#2: Closed-mouth breathing
Breathing through your mouth while you sleep not only reduces the quality of your sleep, but it disrupts the balance of your oral microbiome and makes you more prone to tooth decay. The mouth is for eating, tasting, and talking, and the nose is for breathing and smelling. When our bodies, or body parts, begin to operate outside their intended function, problems arise.
During mouth breathing, air is forced through the airway at a larger volume than when you breathe through your nose. And when you breathe in air at such a high volume, the collapsible airway tends to collapse.
Children who mouth breathe can have numerous health issues, including abnormal facial growth and development, misaligned teeth, and poor sleep habits that can cause exhaustion and poor mental processing skills (3, 4).
#3: Oral hygiene and dental cleanings
We all know this one – brush, floss, and go to the dentist every six months.
When You Eat and What You Eat Both Matter for Your Teeth Health
Children (and adults too) who snack or graze all day have a much higher risk of developing dental cavities.
Why? Mastication (chewing food) is the beginning of the digestive process and to break down our food the pH of the mouth lowers, or becomes more acidic.
If we are nibbling, sipping, and snacking all day, our mouths stay in a constant state of acidity, never getting a chance to recover. This can negatively affect our oral microbiome and ultimately lead to enamel loss or dental decay.
Explained another way, our teeth need a break! Buffer meals with plenty of water and be mindful of spacing out snacks so teeth get a chance to remineralize in between meals.
- Allow 2-3 hrs between meals and snacks and attempt an eating schedule.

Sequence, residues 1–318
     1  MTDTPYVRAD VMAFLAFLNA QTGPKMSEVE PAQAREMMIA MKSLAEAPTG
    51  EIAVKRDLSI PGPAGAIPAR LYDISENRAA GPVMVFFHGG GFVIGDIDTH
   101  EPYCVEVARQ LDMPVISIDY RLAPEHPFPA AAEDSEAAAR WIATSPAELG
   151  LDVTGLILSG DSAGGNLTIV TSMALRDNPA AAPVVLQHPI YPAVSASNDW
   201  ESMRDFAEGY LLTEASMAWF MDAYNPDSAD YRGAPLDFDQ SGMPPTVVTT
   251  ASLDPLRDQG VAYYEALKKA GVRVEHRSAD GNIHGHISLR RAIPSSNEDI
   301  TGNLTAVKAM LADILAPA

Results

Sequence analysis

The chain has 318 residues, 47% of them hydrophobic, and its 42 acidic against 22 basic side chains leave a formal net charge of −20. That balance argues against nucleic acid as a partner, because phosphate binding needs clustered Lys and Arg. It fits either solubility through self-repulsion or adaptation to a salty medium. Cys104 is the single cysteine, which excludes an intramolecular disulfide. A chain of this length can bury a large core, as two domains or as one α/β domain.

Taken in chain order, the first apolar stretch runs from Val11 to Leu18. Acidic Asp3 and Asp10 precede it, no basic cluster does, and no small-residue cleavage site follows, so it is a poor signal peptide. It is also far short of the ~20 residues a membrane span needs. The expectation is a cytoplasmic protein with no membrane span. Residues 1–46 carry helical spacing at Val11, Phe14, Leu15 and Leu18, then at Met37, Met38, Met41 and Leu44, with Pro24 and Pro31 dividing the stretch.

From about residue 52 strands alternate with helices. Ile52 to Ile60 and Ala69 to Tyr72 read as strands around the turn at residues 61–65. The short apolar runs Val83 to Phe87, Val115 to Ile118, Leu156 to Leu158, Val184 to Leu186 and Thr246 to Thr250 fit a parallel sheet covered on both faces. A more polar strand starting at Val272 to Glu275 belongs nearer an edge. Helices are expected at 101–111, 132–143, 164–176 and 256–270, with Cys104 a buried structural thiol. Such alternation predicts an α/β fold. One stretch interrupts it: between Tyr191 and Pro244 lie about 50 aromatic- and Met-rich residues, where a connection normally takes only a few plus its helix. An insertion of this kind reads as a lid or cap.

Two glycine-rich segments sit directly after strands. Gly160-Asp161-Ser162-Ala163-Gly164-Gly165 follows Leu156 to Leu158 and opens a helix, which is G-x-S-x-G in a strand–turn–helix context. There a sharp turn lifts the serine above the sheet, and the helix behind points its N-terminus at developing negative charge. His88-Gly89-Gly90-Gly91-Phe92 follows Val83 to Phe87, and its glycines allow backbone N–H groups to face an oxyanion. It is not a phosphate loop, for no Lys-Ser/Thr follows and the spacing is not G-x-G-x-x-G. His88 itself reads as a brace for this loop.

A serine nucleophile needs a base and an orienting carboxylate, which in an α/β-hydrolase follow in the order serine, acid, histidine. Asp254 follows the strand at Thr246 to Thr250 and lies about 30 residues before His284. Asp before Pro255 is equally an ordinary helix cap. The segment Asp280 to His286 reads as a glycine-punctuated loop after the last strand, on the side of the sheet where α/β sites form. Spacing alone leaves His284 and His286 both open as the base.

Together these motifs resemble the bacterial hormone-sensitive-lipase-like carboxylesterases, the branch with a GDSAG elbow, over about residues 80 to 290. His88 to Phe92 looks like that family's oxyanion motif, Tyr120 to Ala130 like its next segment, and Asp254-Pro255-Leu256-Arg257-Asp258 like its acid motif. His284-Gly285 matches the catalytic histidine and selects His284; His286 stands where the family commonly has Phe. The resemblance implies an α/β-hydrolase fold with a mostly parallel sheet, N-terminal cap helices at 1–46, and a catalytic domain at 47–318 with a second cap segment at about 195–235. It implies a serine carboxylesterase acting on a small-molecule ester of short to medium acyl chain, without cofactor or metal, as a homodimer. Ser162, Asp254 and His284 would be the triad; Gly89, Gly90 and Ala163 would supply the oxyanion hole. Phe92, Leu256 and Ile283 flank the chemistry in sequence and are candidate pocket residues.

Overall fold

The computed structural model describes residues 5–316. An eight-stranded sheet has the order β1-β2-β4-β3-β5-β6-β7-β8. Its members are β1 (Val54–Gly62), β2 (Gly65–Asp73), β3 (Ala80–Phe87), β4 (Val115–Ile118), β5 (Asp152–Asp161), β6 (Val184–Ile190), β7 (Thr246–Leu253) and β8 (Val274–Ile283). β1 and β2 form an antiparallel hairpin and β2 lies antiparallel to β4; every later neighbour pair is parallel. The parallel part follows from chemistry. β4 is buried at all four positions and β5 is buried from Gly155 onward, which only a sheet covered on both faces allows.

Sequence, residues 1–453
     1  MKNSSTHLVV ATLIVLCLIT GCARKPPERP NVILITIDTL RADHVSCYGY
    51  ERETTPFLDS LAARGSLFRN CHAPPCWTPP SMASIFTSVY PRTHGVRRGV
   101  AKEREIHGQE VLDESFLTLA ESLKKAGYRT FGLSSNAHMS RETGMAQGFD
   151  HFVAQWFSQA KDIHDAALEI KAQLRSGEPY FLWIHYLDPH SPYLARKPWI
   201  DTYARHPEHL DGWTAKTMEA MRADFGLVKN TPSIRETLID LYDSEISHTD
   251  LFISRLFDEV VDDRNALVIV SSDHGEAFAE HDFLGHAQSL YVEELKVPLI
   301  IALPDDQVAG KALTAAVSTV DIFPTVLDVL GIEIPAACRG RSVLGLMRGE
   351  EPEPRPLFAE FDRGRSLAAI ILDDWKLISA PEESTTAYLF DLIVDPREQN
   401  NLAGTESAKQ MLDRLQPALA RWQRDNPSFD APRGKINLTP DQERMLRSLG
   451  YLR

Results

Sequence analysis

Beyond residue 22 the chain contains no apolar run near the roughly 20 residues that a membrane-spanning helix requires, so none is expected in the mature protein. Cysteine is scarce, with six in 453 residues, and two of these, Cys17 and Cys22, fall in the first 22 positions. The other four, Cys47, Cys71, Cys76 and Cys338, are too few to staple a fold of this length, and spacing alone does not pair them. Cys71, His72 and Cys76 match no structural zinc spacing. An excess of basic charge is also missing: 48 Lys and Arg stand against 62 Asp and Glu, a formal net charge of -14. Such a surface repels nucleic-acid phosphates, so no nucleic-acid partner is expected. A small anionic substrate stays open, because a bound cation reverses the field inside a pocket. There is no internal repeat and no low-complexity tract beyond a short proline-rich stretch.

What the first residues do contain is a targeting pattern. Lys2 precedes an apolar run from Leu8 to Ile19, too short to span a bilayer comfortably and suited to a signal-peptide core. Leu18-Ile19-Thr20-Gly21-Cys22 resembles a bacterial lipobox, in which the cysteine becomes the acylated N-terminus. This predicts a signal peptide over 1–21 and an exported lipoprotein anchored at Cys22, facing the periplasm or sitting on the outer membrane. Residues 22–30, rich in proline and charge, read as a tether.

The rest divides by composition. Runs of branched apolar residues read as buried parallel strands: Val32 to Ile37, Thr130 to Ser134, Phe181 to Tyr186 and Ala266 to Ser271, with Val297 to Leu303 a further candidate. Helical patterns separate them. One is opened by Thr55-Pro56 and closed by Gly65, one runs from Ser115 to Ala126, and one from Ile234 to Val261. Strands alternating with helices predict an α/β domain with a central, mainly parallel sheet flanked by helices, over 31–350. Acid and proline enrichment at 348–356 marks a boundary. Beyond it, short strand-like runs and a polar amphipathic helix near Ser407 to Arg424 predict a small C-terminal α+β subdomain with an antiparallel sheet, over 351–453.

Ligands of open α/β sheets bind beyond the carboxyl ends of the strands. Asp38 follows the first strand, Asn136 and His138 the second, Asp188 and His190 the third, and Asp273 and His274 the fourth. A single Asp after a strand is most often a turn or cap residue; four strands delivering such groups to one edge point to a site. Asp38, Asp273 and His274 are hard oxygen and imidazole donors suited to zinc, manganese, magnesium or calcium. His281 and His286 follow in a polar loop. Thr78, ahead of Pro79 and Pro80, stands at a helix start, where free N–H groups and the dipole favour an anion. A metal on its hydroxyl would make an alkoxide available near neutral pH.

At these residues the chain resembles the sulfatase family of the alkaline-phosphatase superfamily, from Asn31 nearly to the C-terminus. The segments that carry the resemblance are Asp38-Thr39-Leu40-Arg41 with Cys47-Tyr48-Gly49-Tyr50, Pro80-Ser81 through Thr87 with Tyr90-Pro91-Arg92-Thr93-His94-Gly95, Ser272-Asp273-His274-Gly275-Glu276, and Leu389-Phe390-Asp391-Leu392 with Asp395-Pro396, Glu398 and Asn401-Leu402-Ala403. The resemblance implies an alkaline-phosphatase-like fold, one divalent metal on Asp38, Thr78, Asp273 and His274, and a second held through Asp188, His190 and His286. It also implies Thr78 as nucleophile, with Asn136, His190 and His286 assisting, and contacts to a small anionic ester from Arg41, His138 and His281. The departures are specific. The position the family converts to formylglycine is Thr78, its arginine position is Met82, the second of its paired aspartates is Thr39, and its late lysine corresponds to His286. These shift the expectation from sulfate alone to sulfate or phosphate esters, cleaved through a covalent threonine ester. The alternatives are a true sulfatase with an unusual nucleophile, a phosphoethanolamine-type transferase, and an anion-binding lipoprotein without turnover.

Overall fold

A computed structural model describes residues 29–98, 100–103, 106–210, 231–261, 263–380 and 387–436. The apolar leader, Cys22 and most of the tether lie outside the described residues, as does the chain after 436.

- ”Organized eating” helps balance the health of our oral cavity and also our GI tract.
- Sip on water in between to stay hydrated and satiated and shoot for foods with fiber, healthy fat, and protein to stay full longer.
Little changes to your eating and snacking routine can have big impacts on overall health! Here are 9 foods to support a healthy mouth and healthy teeth.
Is Mouthwash Healthy? A Functional Dentist Answers
Dr. Burhenne is announcing to please stop using mouthwash! Most mouthwash formulations can actually CAUSE cavities, dry mouth, and bad breath.
Why? Because they damage the oral microbiome. Most mouthwash contain alcohol as one of the first ingredients, which dries out the mouth and causes a whole host of issues with both dental and overall health...
Reasons to avoid using mouthwash:
- Mouthwash may actually cause more cavities. Teeth need to be bathed in saliva in order to remineralize. A dry tooth = a tooth that can't protect itself against demineralization.
- Think of what you already know about gut health. Those "friendly" bacteria are necessary for a healthy gut, and even have downstream effects elsewhere in the body, including on mood and mental health. Imagine the effect of an antibacterial mouthwash on your oral microbiome, which is the headwaters to the gut!
- Don't let the minty flavor fool you; they may smell great but they don't address the root cause of bad breath (like a tongue scraper or working with a functional dentist!)
- That "burn" is due to ingredients that irritate the gums, teeth and tongue. The sensitive tissues inside your mouth, the oral mucosa, are very delicate. Think of how doctors say never to douche—same advice applies. This is a sensitive environment that does NOT need to be disinfected! Burning and drying out these tissues can also worsen bad breath, cause mouth ulcers, and cause imbalances in pH levels.
- If a mouthwash is colorful, it’s likely because of artificial color, which I recommend skipping.
Trying to disinfect the mouth is the WRONG approach (1). We want to NOURISH, not disinfect, the delicate ecosystem of bacteria in the mouth. Ditch the mouthwash altogether, or switch to a safe one. Dr. recommends the following “natural” brands: RiseWell Alkalizing Mouthwash, TheraBreath, Georganics mouthwash and mouthwash tablets, Lumineux
I hope this information helps guide you to in taking care of your oral microbiome.
Kelly Harrington, MS, RDN
Registered Dietitian Nutritionist for Healthy Goods
- Bescos R et al. Effects of Chlorhexidine mouthwash on the oral microbiome. Scientific Reports 10, article number: 5254 (2020).
- Holgerson PL. Oral microbial profile discriminates breastfed from formula-fed infants. J Pediatr Gastroenterol Nutr. 2013 Feb; 56(2):127-136.
- Basheer B. Influence of mouth breathing on the dentofacial growth of children: a cephalometric study. J Int Oral Health. 2014 Nov-Dec; 6(6):50-55.
- Benninger M, Walner D. Obstructive sleep-disordered breathing in children. Clin Cornerstone. 2007;9 Suppl 1:S6-12.
- AsktheDentist on Instagram
- Dr. Mark Burhenne at Ask the Dentist